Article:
Pelicans (from a local paper)

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Pelicans (from a local paper)

Postby cwl50? » Mon Mar 20, 2006 7:30 pm


"Of the many things you expect to see in Iowa, the pelican is not one of them."


Hundreds of American white pelicans have landed on the Mississippi River shores and on nearby lakes during spring migration to the north.

Over the last week, there have been sightings at Carthage Lake, on the riverfront in Montrose, and near the lock and dams along the Mississippi River stretching from Keokuk up to Wisconsin.

"They are just magnificent," said Jeannine Eltrich of Salem who happened to see the birds in Montrose. "Of the many things you expect to see in Iowa, the pelican is not one of them."

She and her husband were sitting along the Mississippi Saturday when they saw a flock of 75 or more birds on the water; without binoculars, they weren't sure what the birds were until they realized they were similar to the brown pelican that lives along the coasts (Eltrich's husband is originally from California).

"It was a large group of them," she said. "They travel in groups and they were scattered all over (the river)."

"This is the first time I've ever seen them out there," she added.

According to Chuck Fuller, local amateur orinthologist, the White American Pelican comes up through Keokuk, Fort Madison and Burlington and up to Saylorville and Lake Red Rock.

"They are here for about a month a year," Fuller said. With one week already gone, Fuller said the number of pelicans will start to dwindle within a week, but a few will hang around for a while.

"They do not nest here in Iowa," Fuller said, "though a few stay here all summer in Fort Madison. They are the non?breeders."

Of the pelicans that have landed, many are breeding at this time.

"If you look at a pelican this time of the year, on the top of their bill is a knob," Fuller said. "That shows they are breeding. When they come back in the fall ? and they will come back in October November ? the knob won't be there because the breeding is done for the year."

Between April and June, the female pelican will lay two eggs, states Greg Wolf, Clinton County Conservation Board Interpretive Naturalist in a report, and both mom and pop pelicans will incubate the egg that will hatch after one month.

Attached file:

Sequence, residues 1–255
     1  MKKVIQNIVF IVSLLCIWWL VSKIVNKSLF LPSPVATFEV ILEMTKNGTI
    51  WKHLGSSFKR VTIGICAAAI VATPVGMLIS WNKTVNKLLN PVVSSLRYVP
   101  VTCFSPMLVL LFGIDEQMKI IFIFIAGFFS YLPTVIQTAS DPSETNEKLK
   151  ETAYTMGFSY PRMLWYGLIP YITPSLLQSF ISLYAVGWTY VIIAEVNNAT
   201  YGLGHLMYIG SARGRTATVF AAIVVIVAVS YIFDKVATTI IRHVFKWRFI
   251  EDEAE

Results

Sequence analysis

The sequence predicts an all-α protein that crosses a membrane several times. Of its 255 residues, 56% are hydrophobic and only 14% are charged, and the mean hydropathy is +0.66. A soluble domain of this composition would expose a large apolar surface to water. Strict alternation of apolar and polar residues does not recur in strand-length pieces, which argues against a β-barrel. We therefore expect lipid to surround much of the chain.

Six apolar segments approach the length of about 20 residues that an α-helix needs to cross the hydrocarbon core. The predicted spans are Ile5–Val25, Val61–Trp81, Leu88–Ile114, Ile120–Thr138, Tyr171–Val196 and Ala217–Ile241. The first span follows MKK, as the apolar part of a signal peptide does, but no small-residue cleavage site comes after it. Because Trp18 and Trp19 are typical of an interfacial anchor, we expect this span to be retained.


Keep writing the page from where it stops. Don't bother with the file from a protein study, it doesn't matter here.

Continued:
After 60 days, the baby pelican will start flying and will stay with the flock through the fall migration south. On average, a pelican will live 10 to 15 years in the wild.

To feed, white pelicans eat fish and lots of it.

"They will get in the water and herd together to catch fish," Fuller said, noting that it's the brown pelican that dives from the sky to catch fish. "I'm not sure what they are eating here, but it's probably shad. They are in big numbers this time of year."

In addition to gizzard shad, white pelicans east carp, chubs and shiners, and occasionally salamanders, crayfish and aquatic insects, Wolf stated. In one days time, the bird can eat up to three pounds of fish.

To catch fish, the pelicans open their beaks and fill their pouches with water and food. Tilting their heads, they strain the water from their beak, leaving the fish behind ? and no, they don't store them for later.

The birds themselves weigh between 10 and 20 pounds, Wolf states, and they are 4?feet long with an 8 to 9?foot wingspan.

"They are one of the largest aquatic birds," he stated. "The white pelican has the longest beak in the world, reaching a total length of 20 inches."

Though the pelicans are large, their bones and skin have air sacs in them, making them very buoyant.

Their size is part of the reason Fuller can't miss them when he's out looking for other birds.

"I'm not specifically looking for them, but it's hard not to notice them," he said. "I was downtown looking out a church window this morning and there were a number of flocks going up the river."

The flocks he has seen have numbered in the 100s, but on Carthage Lake, it's not a stretch to say there are 1,000, he said.

"All my life I've been watching birds," Fuller said, but he's been doing it seriously for 35 to 40 years. "I would recommend (for people) to see the pelicans while they have a chance."

The best viewing sites, Fuller said, are Lock and Dam 18, the Fort Madison area, Montrose river front and the Linger Longer park, and Keokuk Lock and Dam 19.
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Postby Jim B » Tue Mar 21, 2006 1:14 am

In 2004, thousands of White Pelicans were missing from the Chase Lake National Wildlife Refuge in North Dakota. See story We covered the story on FTB back on ezBoard then.

Then they showed up in Phoenix.
See posts. It wasn't pretty.

Now they are in Iowa. I love it when birds show us how little we know!

Where next?
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Postby cwl50? » Tue Mar 21, 2006 2:25 am

I do remember that now. The birds have to be drunk. Big and white!
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Postby Laura » Tue Mar 21, 2006 3:02 am

It was brown pelicans we got in the desert a couple summers ago that were out of range. White pelicans are not out of range here in the wintertime.
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Postby cwl50? » Tue Mar 21, 2006 3:02 pm

We even had a Brown Pelican here all winter this year!
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Postby cesare » Thu Mar 23, 2006 5:41 am

I remember seeing them in Montana years ago when I went there on a fishing trip. When I expressed my surprise I was told that they were in all the lower 48 states. I never did check that out.
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